Why Did God Command that Some People be Killed and Others Not in the Old Testament?


God is the only One who knows the desires and inclinations of the heart. As the human race, we see what is on the outside, but God sees what motivates man from the inside.

GodLooksAtTheHeart

We were all given a free will to choose our destiny. We have the power to choose our every decision and action in life. This is a not only called a free will, it’s a gift given to us by God. His wish is that we choose the good. He wants us to choose what is righteous not evil.

In some cases, there are people whose hearts are always inclined toward evil. Just in the days of Noah the Lord saw “…how great the wickedness of the human race had become on the earth, and that every inclination of the thoughts of the human heart was only evil all the time” (Genesis 6:5).

God decided to wipe this people off the earth, leaving Noah, his wife, their three sons and their wives alive.

Why did He keep their life and not the others? While Noah and his family were human, and certainly not without sin, Noah had the wish to do what was right. Noah was considered “…a righteous man, blameless among the people of his time, and he walked faithfully with God” (Genesis 6:9).

What made him righteous? He walked…how?…faithfully…with who?…with God. We cannot be righteous without God’s consistent presence in our life. We have a choice. To walk with God…or walk alone. Sadly, to walk alone brings forth one thing from our hearts…every inclination to do evil.

Those whose hearts are inclined toward evil and have no room for good are dangerous to those who have a desire to do what’s right. Sin infects the soul, and sinful people unleashed on a population infect people. I believe that if those people in the Old Testament remained on earth they would have contaminated the little good in those around them.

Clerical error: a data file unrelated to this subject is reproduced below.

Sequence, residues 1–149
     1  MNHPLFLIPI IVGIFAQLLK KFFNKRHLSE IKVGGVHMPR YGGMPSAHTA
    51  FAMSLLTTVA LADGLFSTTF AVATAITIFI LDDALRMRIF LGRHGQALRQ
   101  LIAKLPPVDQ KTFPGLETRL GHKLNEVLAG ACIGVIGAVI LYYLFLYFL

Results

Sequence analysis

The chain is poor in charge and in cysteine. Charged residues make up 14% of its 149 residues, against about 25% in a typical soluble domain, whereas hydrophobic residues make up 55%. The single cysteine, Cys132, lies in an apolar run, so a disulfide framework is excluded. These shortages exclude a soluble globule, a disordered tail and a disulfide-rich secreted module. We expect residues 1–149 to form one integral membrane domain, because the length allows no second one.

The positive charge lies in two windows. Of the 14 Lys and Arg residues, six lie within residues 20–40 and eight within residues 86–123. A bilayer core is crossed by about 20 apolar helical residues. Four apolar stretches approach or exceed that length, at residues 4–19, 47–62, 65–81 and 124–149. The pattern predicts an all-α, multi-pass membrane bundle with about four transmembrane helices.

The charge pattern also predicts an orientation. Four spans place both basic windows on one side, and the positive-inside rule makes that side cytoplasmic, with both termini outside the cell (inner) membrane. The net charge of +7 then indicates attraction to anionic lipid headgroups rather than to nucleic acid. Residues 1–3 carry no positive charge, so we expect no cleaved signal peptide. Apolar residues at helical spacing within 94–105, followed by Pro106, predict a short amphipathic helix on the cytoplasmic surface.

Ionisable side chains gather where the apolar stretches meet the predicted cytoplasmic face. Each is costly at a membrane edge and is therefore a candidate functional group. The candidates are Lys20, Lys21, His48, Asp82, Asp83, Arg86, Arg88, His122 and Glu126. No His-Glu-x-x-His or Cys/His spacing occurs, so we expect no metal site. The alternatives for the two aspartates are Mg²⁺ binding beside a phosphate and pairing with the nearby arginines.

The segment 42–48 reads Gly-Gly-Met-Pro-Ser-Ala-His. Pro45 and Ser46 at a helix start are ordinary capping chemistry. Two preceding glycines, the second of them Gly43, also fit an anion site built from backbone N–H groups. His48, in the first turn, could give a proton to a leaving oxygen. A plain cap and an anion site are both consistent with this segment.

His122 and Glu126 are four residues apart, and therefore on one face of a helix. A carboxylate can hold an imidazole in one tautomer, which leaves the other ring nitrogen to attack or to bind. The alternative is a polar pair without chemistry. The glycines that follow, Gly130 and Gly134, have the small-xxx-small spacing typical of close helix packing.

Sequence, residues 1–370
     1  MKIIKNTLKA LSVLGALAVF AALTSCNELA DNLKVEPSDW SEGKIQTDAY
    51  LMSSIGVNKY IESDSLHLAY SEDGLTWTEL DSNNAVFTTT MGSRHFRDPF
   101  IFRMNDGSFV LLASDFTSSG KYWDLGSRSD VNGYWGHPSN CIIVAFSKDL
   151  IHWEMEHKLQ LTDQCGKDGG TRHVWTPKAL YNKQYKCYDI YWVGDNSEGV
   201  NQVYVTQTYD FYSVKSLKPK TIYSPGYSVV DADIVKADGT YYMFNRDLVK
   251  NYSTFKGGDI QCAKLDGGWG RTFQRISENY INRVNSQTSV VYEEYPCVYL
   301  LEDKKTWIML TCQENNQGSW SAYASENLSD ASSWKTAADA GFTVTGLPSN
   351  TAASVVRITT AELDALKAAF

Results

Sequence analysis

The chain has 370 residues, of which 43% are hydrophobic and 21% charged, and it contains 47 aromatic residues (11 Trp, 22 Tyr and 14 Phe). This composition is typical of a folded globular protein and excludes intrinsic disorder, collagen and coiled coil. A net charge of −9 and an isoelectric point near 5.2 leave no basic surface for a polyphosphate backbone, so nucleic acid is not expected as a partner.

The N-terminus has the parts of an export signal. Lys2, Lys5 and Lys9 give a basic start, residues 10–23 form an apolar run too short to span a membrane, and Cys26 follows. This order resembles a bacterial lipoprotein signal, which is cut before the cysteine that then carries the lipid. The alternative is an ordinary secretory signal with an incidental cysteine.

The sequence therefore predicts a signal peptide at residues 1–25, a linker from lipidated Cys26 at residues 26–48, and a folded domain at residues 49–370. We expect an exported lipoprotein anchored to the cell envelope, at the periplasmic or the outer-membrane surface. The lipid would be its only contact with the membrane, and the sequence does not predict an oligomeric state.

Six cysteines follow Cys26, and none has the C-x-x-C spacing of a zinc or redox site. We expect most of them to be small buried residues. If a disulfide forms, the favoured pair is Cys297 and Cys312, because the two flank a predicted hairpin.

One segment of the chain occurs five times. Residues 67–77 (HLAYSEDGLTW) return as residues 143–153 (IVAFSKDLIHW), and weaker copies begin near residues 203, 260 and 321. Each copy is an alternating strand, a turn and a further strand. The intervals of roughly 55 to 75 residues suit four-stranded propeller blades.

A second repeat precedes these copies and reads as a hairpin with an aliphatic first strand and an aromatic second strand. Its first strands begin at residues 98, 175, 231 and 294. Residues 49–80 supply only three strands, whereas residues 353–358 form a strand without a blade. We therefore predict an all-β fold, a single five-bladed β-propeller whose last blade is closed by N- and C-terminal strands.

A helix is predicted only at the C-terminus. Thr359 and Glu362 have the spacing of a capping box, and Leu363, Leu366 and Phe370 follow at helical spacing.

Sin is a cancer to the soul. It crouches at the door wanting to devour its prey – man’s soul. But it only walks through the door of the one who wants to do wrong, those who choose to displease the Lord, and those who make it a point to walk without God. (See Cain’s story in Genesis 4)

Many people in the Old Testament chose to answer that door, to allow the sin to come to them as a friendly guest. The more they entertained this guest, the more this guest took over their heart. And in some cases, there were those who allowed this guest of sin to master them.

Total mastery of sin in our hearts will fully harden it.

If left to harden too long, there is a point of no return. Only God can see the person’s heart that has reached this place of no return. Like I said earlier, a person infected in this way becomes a toxic contagion that defiles others. For a hardened heart to survive, it feeds off of the righteous within their midst.